Please contact AU Press, Athabasca University at aupress@athabascau.ca for permission beyond the usage outlined in the Creative Commons license.

This book has been published with the help of a grant from the Canadian Federation for the Humanities and Social Sciences, through the Aid to Scholarly Publications Programme, using funds provided by the Social Sciences and Humanities Research Council of Canada.




Part One 1945–1962

Chapter 1. Setting the Stage

Chapter 2. Going It Alone, 1945–1954

Chapter 3. Establishing the Pattern, 1955–1962

Part Two 1963–1978

Chapter 4. Entering a New Era

Chapter 5. The Annexations Debates, 1972–1978

Chapter 6. City-Developer Relations, 1964–1978

Chapter 7. Land Use



Photo Credits



First of all I would thank the wonderful people at the City of Calgary Archives. They were unfailingly helpful, taking pains to search out obscure sources and supporting me in every possible way. I am especially indebted to the late John McLeod, and to Ed Davis for setting the record straight on what happened in the early 1950s when the City records were not as detailed with respect to the two foundational privately developed subdivisions of Thorncliffe and Glendale. John died a few weeks after I spoke to him. He was a few short months away from his 100th birthday, and I will cherish my memories of our conversation that day. Less than a decade younger is Ed Davis of Haddin Davis and Brown, and the founding president of Kelwood. A man of amazing vitality and a razor-sharp memory, Ed was unfailingly helpful in talking to me and providing me with information on the corporation’s founding years. Thanks go too to Maurice Chornoboy, former Senior Vice President of Carma and General Manager of Qualico, and Dave Poppitt, Vice President of Melcor Developments, for their help and giving of their time to answer what must have seemed to them silly questions. I enjoyed talking to former Mayor Rodney Sykes, and appreciated his customary frankness. Finally I would like to acknowledge my debt to Les Cosman of Delray Engineering, Keith Construction, and later president of Genstar Development Company, for sharing his thoughts with me. A man of quiet dignity and consummate professionalism, he opened my eyes to a side of the land development industry that I wish more people could see.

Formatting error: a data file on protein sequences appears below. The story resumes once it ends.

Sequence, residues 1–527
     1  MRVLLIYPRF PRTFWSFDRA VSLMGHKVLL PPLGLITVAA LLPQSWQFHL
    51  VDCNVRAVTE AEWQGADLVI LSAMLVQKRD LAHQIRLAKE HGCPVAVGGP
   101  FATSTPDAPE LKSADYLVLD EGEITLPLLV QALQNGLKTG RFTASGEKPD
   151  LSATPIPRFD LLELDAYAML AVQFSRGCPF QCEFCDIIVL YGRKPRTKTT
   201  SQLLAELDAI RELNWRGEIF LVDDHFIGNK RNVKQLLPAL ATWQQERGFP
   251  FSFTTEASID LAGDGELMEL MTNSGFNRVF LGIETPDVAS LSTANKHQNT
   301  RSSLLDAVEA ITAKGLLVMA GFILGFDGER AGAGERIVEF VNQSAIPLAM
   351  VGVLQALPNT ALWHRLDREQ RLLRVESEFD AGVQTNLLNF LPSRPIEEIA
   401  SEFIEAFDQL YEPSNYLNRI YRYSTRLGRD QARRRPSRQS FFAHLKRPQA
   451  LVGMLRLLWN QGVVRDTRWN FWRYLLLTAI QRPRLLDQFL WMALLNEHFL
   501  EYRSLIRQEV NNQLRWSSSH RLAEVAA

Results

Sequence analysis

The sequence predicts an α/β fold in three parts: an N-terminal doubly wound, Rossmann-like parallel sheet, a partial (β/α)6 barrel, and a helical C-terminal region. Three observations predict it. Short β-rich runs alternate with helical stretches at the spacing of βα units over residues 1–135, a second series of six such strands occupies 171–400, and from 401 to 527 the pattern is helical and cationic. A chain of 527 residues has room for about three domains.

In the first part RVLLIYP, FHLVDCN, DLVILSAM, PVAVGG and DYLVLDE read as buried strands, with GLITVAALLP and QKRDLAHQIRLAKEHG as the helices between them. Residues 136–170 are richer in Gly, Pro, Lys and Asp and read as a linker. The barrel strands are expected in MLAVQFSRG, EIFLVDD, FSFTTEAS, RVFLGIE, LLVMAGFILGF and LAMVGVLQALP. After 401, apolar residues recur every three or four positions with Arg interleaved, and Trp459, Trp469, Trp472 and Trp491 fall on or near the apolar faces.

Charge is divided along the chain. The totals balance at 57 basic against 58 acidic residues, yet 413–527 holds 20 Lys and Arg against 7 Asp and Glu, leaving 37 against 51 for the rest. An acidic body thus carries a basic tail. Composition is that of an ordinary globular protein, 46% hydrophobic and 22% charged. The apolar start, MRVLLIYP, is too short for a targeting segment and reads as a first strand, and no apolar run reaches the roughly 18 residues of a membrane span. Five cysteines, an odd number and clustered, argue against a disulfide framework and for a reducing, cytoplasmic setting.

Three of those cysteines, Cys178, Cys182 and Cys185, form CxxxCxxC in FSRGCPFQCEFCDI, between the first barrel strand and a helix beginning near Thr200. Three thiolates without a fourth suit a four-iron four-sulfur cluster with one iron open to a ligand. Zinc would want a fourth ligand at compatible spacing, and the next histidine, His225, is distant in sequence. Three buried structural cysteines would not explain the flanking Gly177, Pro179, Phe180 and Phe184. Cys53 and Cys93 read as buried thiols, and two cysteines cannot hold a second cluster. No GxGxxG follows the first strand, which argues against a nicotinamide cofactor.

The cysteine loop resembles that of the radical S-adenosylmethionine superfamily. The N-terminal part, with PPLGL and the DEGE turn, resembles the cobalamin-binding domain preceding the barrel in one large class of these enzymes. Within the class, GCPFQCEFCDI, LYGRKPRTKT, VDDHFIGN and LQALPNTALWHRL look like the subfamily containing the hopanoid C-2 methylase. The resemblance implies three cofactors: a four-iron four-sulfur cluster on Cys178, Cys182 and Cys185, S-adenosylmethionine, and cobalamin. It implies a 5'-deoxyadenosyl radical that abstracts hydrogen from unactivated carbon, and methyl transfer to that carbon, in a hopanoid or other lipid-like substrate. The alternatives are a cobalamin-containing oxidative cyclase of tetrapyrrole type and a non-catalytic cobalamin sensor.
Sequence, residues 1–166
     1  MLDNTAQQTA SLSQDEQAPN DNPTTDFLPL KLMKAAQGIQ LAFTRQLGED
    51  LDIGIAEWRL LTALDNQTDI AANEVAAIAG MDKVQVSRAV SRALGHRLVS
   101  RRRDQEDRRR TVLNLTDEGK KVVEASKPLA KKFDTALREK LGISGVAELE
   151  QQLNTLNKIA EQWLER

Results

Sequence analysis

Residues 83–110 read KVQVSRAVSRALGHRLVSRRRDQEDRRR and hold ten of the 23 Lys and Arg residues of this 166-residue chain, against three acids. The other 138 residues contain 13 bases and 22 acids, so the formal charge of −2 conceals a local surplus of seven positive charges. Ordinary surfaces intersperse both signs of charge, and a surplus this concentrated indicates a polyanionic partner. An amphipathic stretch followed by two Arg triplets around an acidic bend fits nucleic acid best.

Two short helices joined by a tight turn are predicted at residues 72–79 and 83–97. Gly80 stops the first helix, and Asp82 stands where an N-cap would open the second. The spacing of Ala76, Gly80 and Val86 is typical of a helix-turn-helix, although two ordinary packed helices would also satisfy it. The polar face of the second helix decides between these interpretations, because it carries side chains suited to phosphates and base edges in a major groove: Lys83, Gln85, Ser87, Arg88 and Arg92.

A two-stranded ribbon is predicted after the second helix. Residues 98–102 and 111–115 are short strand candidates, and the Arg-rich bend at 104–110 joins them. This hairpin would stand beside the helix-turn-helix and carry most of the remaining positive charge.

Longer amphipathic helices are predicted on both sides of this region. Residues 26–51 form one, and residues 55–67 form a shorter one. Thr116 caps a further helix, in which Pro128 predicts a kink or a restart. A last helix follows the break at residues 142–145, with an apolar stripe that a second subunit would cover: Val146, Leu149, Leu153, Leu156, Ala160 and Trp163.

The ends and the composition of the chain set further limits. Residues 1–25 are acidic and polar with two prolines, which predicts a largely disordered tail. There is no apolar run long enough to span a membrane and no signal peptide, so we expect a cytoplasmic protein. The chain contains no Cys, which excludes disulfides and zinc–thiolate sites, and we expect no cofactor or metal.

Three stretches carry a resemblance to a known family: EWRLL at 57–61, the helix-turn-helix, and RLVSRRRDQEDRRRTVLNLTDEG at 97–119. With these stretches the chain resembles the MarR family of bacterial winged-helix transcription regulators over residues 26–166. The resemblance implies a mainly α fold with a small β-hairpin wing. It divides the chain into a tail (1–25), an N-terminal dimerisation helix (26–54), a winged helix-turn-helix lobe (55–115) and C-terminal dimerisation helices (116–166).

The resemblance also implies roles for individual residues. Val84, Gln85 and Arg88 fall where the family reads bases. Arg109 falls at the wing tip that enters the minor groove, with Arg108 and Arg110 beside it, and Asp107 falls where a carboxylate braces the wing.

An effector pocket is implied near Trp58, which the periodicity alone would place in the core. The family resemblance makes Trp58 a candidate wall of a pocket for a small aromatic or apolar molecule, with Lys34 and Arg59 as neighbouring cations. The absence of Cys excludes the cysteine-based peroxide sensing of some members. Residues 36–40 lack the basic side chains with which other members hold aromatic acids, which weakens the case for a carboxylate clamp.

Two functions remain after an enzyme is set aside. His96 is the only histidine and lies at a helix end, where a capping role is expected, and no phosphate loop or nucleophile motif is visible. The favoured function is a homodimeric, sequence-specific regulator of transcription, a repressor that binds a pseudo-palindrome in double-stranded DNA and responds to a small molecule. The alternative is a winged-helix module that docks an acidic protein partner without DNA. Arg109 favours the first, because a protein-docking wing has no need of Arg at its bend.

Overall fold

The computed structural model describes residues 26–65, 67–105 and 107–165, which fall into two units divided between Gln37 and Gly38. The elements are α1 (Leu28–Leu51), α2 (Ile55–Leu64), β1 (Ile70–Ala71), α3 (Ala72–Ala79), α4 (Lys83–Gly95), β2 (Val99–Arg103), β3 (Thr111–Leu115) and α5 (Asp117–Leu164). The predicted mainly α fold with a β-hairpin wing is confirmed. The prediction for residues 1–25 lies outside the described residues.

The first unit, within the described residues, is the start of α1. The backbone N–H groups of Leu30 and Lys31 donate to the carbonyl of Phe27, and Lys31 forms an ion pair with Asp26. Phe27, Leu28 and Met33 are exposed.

This narrative represents an attempt to explain urban sprawl in Calgary in terms of stakeholder relationships, with the prime emphasis being on the City of Calgary and the various land developers. The focus is purely on residential development, with only minor attention being paid to commercial or industrial growth. Both deserve further academic attention, particularly the role played by the big regional shopping centres on sector planning and development.